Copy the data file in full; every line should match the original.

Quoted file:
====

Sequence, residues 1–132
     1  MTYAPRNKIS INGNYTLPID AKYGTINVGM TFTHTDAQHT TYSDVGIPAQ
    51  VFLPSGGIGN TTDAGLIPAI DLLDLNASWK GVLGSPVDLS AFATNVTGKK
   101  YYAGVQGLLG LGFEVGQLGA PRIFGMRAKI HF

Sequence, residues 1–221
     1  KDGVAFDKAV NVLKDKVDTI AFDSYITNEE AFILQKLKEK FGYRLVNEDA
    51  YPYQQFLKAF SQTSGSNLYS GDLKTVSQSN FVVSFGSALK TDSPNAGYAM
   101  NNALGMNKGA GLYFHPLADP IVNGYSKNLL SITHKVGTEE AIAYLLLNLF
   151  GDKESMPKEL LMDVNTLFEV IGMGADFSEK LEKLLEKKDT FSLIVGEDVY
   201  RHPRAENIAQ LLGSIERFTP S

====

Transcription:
Sequence, residues 1–132
     1  MTYAPRNKIS INGNYTLPID AKYGTINVGM TFTHTDAQHT TYSDVGIPAQ
    51  VFLPSGGIGN TTDAGLIPAI DLLDLNASWK GVLGSPVDLS AFATNVTGKK
   101  YYAGVQGLLG LGFEVGQLGA PRIFGMRAKI HF

Sequence, residues 1–221
     1  KDGVAFDKAV NVLKDKVDTI AFDSYITNEE AFILQKLKEK FGYRLVNEDA
    51  YPYQQFLKAF SQTSGSNLYS GDLKTVSQSN FVVSFGSALK TDSPNAGYAM
   101  NNALGMNKGA GLYFHPLADP IVNGYSKNLL SITHKVGTEE AIAYLLLNLF
   151  GDKESMPKEL LMDVNTLFEV IGMGADFSEK LEKLLEKKDT FSLIVGEDVY
   201  RHPRAENIAQ LLGSIERFTP S